Bear Baiting Referendum – State Referendum Education

In the fall of 2004, Mount Desert Island High School offered a course, “Election 2004: Democracy in Action,” designed to teach students about voting and the electoral process. As part of the class, the teacher invited guest speakers to class to discuss the upcoming elections, candidates and referenda. Based on the information from the guest speakers and their class readings, the students brainstormed a list of issues and problems related to the upcoming elections. Then, the students broke into small groups based on the issue they most wanted to address. One group decided to focus on an upcoming state referendum on bear baiting and concerns that voters lacked information about both sides of the issue.

To supplement to the information they gathered from the guest speakers, the students used the Internet, news articles, and interviewed local community members to learn more about the problem of low voter information on the bear baiting referendum. The students identified two main reasons why people lacked information: biased media sources; and available information was presented in a way that was not interesting or engaging for voters.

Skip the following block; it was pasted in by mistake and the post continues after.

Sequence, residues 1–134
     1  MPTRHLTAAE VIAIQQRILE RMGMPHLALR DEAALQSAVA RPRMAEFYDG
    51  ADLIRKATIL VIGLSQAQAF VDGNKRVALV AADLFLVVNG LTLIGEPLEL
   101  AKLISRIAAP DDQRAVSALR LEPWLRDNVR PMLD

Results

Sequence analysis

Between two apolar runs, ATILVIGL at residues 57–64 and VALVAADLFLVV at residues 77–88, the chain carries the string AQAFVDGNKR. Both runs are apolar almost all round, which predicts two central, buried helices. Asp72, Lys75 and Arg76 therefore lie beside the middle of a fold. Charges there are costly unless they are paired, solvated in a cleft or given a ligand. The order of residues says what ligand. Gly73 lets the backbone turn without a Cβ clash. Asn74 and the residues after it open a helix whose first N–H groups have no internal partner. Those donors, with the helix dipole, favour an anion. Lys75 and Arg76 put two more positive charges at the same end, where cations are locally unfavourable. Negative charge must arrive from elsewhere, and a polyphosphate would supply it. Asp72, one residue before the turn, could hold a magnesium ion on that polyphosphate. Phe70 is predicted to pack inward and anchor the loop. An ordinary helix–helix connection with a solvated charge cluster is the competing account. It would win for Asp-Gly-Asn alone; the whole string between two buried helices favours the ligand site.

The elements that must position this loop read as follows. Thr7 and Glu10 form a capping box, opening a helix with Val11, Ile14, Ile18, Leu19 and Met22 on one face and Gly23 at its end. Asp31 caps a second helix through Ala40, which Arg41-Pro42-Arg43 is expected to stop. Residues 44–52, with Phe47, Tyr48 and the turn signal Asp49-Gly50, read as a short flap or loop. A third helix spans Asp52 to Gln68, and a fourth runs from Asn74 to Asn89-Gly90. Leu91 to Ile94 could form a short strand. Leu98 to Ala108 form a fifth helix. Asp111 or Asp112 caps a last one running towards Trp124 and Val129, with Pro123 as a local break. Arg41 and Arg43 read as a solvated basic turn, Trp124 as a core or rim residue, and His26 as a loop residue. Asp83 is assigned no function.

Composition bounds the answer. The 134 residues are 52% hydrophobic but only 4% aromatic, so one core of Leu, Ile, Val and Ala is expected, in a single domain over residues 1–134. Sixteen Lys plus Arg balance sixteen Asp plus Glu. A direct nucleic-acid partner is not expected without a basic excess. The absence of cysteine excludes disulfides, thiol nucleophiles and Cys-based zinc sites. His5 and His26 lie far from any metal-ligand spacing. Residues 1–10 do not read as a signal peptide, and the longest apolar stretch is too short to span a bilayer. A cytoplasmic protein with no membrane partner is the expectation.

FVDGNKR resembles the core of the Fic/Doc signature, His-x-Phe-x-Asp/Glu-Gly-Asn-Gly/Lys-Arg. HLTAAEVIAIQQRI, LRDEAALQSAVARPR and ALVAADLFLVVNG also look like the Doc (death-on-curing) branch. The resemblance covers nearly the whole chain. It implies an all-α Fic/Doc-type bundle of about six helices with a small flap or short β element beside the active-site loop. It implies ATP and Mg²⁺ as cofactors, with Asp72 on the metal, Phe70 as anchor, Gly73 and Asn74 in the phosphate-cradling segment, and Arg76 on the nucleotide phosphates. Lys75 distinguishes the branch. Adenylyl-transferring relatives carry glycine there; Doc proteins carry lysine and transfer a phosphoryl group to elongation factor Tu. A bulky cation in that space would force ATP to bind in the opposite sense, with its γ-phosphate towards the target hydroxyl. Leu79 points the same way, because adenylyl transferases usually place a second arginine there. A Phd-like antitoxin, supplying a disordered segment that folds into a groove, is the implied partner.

The students then brainstormed possible solutions to these problems, including: create a small documentary; write a newspaper article; host a public seminar; and/or create pamphlets and posters. They decided to combine some of their ideas by creating a website and filming a public service announcement.

Working with a Maine State Representative, local town clerks, and lobbyists, the students compiled, organized, and created a website and PSA with unbiased, interesting information about the referendum. For both the website and PSA, the students developed an annotated work cited list that was approved by their teacher. The students launched their website and aired their PSA on a local television station. They also shared their information with their peers, parents, and community members at their school’s “Voter Information Night.”